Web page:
Art at your fingertips in museums

Updated: 2013-06-11 07:50

By Liu Xiangrui (China Daily)

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Art at your fingertips in museums

Two visitors use the National Museum of China's smart phone app to tour the museum. [Photo by Jiang Dong / China Daily]

The museum plans to boost the service on its Weixin platform. Meanwhile, more functions, such as bookings, are being developed on the platform, he adds.

According to Huang, applying new technological tools has greatly improved the efficiency of the museum's operation and lowered its costs.

"In the past, we often had to spend a lot of money to develop or purchase hardware to help visitors.

"Now we only have to focus on the content. Platforms like Weixin and channels like the Internet are already there for our use."

The museum has made remarkable progress in applying digital technology.

Since 2009, it has developed two apps, one for self-help and one for exhibition information based on Android and IOS systems. They immediately received widespread attention and were recommended on Apple's App Store and many android app platforms.

At the same time, it has tried to build "never-ending" online virtual exhibitions with 3-D technology.

Many exhibitions staged in the museum in the past two years are still accessible online. For those who can't come to the museum, they can appreciate the exhibits through the 3-D web page which vividly recreates the exhibition hall.

Zheng Qinyan, from the China Central Academy of Fine Arts who has studied both Chinese and Western museums, believes the application of new media and other digital technologies points to a new trend for Chinese museums.

She notes that traditional historical and heritage museums in China have long been unable to fully carry out their responsibility of public education.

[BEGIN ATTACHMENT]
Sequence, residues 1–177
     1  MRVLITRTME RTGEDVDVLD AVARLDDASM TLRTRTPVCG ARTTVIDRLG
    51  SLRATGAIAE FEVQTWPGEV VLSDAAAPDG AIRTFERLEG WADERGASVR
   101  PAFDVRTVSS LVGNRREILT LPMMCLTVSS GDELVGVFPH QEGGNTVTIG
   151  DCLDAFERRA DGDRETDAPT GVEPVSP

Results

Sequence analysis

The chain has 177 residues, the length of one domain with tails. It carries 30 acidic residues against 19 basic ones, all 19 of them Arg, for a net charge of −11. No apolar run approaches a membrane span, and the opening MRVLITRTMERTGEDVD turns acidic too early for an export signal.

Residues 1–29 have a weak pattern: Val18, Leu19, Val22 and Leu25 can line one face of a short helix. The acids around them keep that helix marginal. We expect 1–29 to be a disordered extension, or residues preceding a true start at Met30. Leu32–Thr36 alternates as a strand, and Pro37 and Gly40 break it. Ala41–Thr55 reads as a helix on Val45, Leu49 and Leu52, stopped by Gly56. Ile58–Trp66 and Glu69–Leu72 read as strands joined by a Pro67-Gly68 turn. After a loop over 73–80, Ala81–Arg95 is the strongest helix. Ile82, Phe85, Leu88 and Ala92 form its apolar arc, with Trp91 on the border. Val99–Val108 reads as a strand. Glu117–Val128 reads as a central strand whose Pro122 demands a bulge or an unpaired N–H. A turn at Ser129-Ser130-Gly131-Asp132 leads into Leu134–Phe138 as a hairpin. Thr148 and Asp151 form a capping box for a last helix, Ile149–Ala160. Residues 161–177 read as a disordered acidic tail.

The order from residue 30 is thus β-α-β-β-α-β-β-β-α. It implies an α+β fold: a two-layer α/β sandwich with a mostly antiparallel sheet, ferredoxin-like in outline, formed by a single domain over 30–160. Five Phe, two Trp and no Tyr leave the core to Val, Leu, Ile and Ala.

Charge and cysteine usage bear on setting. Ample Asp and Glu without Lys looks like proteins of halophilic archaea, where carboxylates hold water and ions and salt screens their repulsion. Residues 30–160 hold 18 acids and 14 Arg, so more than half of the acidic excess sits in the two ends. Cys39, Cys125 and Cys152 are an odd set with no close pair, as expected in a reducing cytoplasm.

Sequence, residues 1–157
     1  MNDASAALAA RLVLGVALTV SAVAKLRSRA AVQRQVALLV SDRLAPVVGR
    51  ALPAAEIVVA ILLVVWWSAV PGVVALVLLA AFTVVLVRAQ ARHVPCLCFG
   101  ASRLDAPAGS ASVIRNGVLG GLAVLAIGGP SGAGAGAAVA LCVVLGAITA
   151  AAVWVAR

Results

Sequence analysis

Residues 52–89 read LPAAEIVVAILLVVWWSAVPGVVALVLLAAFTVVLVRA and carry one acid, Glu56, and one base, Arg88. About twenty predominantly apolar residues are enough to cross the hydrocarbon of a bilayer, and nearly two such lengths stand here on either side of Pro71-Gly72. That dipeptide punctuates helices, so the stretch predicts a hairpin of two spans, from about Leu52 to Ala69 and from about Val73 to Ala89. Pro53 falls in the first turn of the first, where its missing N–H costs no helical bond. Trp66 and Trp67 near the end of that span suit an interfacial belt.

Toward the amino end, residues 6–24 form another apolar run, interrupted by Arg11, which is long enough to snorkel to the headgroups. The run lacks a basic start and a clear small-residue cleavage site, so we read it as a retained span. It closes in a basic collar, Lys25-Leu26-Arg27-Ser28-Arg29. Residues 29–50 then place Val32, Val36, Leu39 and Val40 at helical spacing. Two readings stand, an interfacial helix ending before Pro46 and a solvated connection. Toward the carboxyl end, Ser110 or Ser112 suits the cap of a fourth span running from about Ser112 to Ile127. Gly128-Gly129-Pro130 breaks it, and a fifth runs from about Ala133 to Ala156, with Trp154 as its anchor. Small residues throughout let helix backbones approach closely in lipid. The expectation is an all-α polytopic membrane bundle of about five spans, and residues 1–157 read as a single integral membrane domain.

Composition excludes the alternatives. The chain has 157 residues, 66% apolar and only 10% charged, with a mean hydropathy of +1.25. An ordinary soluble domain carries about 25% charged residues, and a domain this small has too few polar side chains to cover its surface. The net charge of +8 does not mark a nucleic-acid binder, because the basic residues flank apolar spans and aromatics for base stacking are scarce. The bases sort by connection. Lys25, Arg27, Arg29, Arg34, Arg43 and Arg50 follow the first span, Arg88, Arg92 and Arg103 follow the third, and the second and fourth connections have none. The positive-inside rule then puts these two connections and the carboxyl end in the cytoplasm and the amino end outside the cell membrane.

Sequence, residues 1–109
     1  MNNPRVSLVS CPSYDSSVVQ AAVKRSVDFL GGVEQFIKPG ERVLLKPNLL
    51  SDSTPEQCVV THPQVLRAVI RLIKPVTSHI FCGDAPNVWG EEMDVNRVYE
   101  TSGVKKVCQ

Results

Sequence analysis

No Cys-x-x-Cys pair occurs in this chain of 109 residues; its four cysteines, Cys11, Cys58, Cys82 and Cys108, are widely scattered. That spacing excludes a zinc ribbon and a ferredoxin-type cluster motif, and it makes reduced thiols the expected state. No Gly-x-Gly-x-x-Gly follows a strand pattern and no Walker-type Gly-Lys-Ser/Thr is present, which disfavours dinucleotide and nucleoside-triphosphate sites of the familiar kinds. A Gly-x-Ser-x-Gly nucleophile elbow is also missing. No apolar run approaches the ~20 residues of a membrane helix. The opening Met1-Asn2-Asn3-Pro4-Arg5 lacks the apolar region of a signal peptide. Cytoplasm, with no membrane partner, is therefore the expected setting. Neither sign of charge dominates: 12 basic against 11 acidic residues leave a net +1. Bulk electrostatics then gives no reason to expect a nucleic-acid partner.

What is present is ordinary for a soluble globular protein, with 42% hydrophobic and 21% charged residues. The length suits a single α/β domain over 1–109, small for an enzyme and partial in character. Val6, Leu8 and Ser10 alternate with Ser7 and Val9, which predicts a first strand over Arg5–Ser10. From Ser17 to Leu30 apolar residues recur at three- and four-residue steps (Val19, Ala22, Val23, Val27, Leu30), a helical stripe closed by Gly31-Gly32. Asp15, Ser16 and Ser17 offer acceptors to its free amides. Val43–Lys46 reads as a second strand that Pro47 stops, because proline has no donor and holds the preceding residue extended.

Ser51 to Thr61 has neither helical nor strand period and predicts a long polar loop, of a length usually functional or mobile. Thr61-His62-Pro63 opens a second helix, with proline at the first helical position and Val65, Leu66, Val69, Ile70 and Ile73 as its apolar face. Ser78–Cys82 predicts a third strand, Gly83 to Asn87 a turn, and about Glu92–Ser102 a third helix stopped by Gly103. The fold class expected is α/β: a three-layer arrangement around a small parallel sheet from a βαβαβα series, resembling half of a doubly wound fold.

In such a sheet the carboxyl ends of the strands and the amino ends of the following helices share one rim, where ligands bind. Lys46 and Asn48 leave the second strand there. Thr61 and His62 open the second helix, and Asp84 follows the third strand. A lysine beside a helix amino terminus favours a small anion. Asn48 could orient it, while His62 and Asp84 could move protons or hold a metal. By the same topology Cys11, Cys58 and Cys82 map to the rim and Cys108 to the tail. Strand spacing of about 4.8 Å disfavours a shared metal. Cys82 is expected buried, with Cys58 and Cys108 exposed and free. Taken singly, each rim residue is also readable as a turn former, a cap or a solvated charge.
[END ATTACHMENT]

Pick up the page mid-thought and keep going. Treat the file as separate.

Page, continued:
Art at your fingertips in museums

Two-dimension codes and Weixin accounts can easily be found and used in the National Museum of China. [Provided to China Daily]

"Chinese museums need to adjust their role and further open up to the public. The fast development of digital technology and social media has become a useful tool," Zheng says.

In recent years, a large number of Chinese museums have used social media like micro blogs to communicate with the public.

For example, the National Museum of China's official accounts on Sina Weibo and Tencent Weibo have grabbed 3.8 million followers since they were opened in 2010, while the Palace Museum has 4.3 million followers.

Their micro blogs have opened a new window and shortened the distance between museums and the public, according to Zheng.

She suggests that many Chinese museums can actually compete with their international counterparts in terms of new technology. However, there is still room for improvement in their services.

"How to ensure the public get what they really need through the new technological tools is an important subject that most Chinese museums should think about," Zheng says.

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